• Who’s in Prison (2)► NativeAmericans account for 1-2% of those in prison, but are incarcerated at rates just below blacks with a rate of 709 per 100,000 (largest group per capita)► Bothblack men and women are incarcerated at 8 times the rate of whites, twice the rate of Latinos► Black women fast growing group of prisoners 15 RBG Street Scholar, 2008-Last Updated 2012
  • More Prison Facts► In 1994, one in three black men between the age of 20-29 were in prison, on probation or on parole► In 1995, 47% of state and federal inmates were black► B/t 1985-1995, Latinos jumped from 10% of all state and federal inmates to 18%► B/t 1970 and 1996, women in federal and state prisons grew from 5,000 to 75,000; 60% of that population are black and Latina 16 RBG Street Scholar, 2008-Last Updated 2012
  • Prison Population► African Americans and Latinos account for 65 percent of those incarcerated in federal prisons (68% of all people in prison and jail are people of color)► Almost 600,000 black men between ages of 20 and 39 are currently in prison; four percent of Latino men b/t ages of 25 and 29 are in jail (only 1.6% of white men in this category are in jail)► Black women are nearly 2.5 times more likely than Latina women and over 4.5 times more likely than white women to be imprisoned 17 RBG Street Scholar, 2008-Last Updated 2012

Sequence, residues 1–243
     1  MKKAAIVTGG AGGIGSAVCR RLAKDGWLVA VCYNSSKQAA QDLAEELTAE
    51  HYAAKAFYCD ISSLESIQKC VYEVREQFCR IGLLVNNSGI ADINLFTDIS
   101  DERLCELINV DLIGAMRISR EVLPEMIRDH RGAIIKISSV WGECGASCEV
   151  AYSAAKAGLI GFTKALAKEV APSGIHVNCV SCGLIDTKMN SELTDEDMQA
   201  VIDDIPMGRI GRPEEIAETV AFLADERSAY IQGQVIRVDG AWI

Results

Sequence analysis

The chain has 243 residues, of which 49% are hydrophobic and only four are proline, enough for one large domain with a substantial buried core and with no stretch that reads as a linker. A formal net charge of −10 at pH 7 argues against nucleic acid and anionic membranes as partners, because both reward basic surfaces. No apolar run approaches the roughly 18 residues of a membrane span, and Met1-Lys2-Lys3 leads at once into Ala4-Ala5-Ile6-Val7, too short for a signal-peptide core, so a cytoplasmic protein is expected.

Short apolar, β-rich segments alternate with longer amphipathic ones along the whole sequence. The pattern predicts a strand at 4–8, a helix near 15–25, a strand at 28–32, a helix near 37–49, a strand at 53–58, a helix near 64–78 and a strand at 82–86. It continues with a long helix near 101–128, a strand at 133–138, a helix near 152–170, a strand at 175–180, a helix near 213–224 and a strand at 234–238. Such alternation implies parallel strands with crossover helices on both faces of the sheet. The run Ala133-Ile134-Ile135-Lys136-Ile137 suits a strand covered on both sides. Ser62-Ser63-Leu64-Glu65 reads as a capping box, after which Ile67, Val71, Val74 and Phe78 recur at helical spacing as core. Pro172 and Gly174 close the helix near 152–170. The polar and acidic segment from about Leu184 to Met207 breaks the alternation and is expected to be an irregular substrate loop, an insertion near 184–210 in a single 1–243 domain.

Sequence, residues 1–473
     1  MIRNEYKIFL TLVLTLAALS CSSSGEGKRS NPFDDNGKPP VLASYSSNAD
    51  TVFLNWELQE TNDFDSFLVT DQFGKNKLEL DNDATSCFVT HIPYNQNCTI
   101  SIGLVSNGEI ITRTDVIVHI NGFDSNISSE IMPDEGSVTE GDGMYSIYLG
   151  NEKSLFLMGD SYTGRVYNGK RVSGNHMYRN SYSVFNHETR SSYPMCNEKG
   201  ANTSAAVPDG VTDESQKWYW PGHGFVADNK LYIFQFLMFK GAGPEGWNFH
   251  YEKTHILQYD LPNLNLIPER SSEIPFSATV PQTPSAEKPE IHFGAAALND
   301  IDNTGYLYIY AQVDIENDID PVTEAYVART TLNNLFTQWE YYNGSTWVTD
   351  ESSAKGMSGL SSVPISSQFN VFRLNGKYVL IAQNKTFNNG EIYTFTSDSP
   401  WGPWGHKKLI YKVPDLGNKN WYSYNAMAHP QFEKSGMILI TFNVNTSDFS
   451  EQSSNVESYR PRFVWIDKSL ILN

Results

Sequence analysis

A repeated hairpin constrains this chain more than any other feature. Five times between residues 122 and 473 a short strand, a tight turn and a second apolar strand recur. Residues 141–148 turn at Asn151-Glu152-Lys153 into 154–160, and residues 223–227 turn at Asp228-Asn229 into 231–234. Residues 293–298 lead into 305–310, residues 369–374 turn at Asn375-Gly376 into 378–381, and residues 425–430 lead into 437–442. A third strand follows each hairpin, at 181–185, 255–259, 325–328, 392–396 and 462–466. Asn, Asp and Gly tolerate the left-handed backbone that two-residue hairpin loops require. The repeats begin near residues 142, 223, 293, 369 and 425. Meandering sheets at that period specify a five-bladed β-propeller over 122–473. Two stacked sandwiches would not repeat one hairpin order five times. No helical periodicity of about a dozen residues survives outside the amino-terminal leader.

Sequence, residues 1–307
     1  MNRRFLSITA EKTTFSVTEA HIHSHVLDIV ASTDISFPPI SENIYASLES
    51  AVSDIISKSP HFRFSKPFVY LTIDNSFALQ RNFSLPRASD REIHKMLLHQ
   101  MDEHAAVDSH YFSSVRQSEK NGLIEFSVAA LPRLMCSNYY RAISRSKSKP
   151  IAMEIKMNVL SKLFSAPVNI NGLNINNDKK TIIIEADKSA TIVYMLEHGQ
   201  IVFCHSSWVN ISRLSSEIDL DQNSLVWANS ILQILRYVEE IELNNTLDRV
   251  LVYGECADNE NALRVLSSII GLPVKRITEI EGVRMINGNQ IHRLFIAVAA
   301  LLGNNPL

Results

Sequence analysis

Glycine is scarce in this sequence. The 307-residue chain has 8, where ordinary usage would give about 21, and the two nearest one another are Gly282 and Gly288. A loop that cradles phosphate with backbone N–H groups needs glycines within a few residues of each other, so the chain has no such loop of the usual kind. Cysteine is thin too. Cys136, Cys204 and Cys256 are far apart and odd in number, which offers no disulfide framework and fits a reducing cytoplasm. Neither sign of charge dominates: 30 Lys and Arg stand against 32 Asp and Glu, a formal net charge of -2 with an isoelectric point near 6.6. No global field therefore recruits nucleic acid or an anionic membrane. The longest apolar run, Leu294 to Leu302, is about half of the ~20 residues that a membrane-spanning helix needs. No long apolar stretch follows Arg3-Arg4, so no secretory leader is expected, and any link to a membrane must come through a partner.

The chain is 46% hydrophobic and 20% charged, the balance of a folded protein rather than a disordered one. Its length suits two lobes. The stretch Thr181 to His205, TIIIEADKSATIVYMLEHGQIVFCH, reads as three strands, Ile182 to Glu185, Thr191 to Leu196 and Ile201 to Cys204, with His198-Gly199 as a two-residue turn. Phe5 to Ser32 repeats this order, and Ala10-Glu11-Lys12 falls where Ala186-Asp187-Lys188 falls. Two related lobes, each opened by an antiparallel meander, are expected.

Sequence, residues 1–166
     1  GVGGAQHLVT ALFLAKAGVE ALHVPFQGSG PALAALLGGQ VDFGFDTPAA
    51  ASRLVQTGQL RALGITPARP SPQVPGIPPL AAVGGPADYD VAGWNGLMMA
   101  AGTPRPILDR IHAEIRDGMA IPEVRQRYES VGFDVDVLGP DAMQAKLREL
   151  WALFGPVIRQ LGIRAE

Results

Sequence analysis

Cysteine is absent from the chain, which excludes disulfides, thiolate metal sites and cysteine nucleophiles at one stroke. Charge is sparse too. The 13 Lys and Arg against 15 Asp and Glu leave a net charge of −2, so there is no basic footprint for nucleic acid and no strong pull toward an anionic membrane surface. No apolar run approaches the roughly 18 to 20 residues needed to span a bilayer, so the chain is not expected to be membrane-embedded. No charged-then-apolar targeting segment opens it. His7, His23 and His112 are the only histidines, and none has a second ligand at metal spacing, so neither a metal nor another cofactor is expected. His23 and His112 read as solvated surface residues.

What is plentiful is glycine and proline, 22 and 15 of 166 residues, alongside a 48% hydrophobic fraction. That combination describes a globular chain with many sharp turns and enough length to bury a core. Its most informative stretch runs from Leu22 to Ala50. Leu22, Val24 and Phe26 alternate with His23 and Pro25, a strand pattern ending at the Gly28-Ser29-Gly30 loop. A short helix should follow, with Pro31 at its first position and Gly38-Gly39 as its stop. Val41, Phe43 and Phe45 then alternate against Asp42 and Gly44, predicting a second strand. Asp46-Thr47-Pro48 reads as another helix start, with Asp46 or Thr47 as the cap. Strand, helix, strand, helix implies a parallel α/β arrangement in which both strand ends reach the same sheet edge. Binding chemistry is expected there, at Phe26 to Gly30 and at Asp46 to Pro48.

• Myth-breaking► Vast majority (over 2/3) sentenced for non-violent drug offenses or property crimes► Violence occurs in less than 14% of all reported crime, and injuries occur in just 3%► Almost all prisoners are poor or working class people► Most have not finished high school. Many are functionally illiterate.► Nearly 1/3 were unemployed at the time of their arrest, of those that were employed, most had jobs paying at or below the minimum wage► Nearly 2/3 were under the influence of alcohol or drugs during the time of arrest► Statistics indicate that anywhere from 40 to 88 percent of incarcerated women have been victims of domestic violence and sexual or physical abuse prior to incarceration, either as children or adults RBG Street Scholar, 2008-Last Updated 2012 18